Metropolitan News-Enterprise


Wednesday, February 19, 2020


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4-1 City Council Vote Did Not Amount To Required Five-Sevenths—C.A.

Opinion Says Five Votes Were Needed, Under Wording of Code, Because Council Was Seven-Member Body; There Was Vacancy, One Recusal


By a MetNews Staff Writer


The Fifth District Court of Appeal has affirmed the denial of a petition for writ of mandate sought by a man who contends a 4-1 vote in his favor by members of a city council acting on his permit appeal met a municipal code requirement of approval by a five-sevenths margin, rejecting his contention both as a matter of law and arithmetic.

Appellant Junaid Lateef’s request for a permit to sell cigarettes, beer, and wine at a neighborhood market had been denied by the Madera Planning Commission. The Municipal Code provides:

“A five-sevenths vote of the whole of the Council shall be required to grant, in whole or in part, any appealed application denied by the Commission.”

One member of the Madera City Council recused himself and there was one vacancy.

Lateef insisted a 4-1 vote to grant the permit sufficed, constituting five-sevenths of the of the five members who voted. Madera Superior Court Judge Michael J. Jurkovich disagreed, holding that the words “whole of the council” required five votes out of the potential seven votes.

Snauffer’s Opinion

The Court of Appeal on Friday affirmed, in an opinion by Justice Mark Snauffer, who said the Municipal Code section “simply cannot be read as Lateef proposes; otherwise, we would have to omit the word ‘whole.’ ”

He went on to say:

“Under California law, a vacant council seat is included in determining whether a quorum exists….Thus, it was proper for the city council to include the vacant council seat when determining whether Lateef obtained sufficient votes to grant his application.”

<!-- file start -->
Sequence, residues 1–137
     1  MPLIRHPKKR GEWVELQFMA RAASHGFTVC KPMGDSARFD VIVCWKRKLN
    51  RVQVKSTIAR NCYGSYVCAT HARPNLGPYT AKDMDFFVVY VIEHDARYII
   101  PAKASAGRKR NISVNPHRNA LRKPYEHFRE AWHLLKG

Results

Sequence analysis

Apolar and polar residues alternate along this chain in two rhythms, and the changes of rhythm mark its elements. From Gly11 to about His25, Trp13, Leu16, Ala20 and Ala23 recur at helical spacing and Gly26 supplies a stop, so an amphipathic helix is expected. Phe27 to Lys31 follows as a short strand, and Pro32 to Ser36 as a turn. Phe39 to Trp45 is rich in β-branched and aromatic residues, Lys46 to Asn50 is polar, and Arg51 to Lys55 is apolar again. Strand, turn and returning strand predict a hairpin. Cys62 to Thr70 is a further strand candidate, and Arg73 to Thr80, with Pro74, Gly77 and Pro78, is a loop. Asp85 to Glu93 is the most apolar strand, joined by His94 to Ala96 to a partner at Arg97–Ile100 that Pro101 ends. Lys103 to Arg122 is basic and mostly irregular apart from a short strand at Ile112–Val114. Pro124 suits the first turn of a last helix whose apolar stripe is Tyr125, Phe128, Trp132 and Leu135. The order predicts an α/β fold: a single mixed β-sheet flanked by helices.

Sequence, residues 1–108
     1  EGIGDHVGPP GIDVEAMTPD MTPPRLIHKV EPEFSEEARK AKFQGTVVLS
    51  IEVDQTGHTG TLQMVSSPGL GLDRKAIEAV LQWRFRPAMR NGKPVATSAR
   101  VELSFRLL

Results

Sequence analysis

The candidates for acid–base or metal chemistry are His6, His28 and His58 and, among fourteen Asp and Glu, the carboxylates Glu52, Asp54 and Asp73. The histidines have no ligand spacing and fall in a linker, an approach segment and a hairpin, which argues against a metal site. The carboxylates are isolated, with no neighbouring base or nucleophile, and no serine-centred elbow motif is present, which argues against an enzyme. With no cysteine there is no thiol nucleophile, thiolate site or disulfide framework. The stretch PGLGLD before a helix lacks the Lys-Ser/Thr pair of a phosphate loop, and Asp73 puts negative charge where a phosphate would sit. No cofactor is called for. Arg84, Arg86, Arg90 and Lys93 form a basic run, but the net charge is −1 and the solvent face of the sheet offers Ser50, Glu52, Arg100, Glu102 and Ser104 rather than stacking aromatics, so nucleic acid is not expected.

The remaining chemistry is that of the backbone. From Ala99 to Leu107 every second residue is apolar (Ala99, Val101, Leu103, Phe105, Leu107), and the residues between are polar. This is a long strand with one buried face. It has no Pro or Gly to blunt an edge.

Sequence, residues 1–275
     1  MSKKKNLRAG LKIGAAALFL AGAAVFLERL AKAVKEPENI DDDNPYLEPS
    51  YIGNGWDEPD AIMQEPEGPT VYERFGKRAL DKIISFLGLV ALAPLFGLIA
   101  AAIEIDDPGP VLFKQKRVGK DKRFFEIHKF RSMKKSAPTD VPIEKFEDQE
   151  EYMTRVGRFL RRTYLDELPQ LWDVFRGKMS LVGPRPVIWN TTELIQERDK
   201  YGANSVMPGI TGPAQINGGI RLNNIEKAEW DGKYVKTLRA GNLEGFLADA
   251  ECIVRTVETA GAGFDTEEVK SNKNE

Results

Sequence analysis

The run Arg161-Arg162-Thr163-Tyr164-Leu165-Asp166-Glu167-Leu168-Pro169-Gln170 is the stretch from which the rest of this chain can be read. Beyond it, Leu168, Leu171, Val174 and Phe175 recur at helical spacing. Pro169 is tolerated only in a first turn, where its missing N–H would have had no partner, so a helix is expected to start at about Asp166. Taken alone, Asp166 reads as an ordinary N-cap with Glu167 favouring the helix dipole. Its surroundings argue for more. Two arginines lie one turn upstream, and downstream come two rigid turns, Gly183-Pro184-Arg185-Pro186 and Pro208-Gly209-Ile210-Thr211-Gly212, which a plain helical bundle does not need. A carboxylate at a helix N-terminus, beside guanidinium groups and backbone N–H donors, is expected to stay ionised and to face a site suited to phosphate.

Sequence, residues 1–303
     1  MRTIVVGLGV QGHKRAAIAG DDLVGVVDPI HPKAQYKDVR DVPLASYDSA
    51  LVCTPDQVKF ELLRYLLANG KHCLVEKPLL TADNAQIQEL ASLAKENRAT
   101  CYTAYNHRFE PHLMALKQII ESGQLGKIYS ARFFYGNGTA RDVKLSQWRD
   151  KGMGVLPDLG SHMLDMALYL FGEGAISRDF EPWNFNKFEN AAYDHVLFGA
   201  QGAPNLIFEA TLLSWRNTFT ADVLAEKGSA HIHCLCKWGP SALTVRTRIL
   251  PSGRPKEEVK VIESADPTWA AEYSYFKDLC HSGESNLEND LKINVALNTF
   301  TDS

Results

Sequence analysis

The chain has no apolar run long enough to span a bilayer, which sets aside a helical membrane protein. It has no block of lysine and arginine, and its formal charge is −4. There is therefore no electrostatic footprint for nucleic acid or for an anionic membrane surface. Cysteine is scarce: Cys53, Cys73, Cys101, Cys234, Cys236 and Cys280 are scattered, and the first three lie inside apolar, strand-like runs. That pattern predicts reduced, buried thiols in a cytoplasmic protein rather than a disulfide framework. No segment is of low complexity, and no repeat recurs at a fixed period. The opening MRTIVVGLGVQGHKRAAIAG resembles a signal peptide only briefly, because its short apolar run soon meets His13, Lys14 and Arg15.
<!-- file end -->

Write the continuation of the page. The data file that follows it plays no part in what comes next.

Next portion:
Even if the recused member were removed from the calculation, Snauffer said, Lateef would lose, explaining:

“A five-sevenths vote of six councilmembers is a number greater than four, namely approximately 4.29. While Lateef assumes this number should be rounded down to four, we disagree. Since the calculation results in a number greater than four and there cannot be a fractional vote, five affirmative votes would be required, which Lateef did not receive.”

The case is Lateef v. City of Madera, 2020 S.O.S. 643.

The member of the council who recused himself was Charles F. Rigby, who had emailed the Planning Commission urging that the permit be denied.

Federal Court Proceeding

In an action in the U.S. District Court for the Eastern District of California, Lateef argued that his right to due process was denied by the Planning Commission in failing to disclose to him Rigby’s email prior to it passing on his application. Judge Dale A. Drozd on Dec 13, 2016, dismissed that claim, with leave to amend, saying:

“[T]his court cannot find, and plaintiff has not pointed to any, authority to suggest that he had a property interest in disclosure of communications to the Planning Commission prior to a hearing or vote. Thus, the court finds that the complaint fails to allege facts sufficient to state a plausible due process claim with respect to this theory.”

He also dismissed an equal protection claim, with leave to amend, but declined to dismiss a due-process claim based on the city’s rejection of Lateef’s view that four out of five votes sufficed.

Drozd denied a motion to dismiss based on the pendency of the appeal in the state Court of Appeal, saying:

“”Plaintiff’s mandamus action in state court is based purely on state law causes of action. In contrast, plaintiff brings two due process causes of action in this case based on entirely different rights—i.e., under the federal and state constitutions—from those asserted in his mandamus action in state court. While it is possible that the two cases may involve common issues, this court lacks discretion to decline to exercise jurisdiction over such federal statutory claims.”

The complaint was amended and on March 21, 2017, the previously dismissed claims were dismissed with prejudice.

On May 22, 2017, Magistrate Judge Sheila K. Oberto signed an order staying proceedings pending resolution of the state action. A telephonic status conference is scheduled for April 14.


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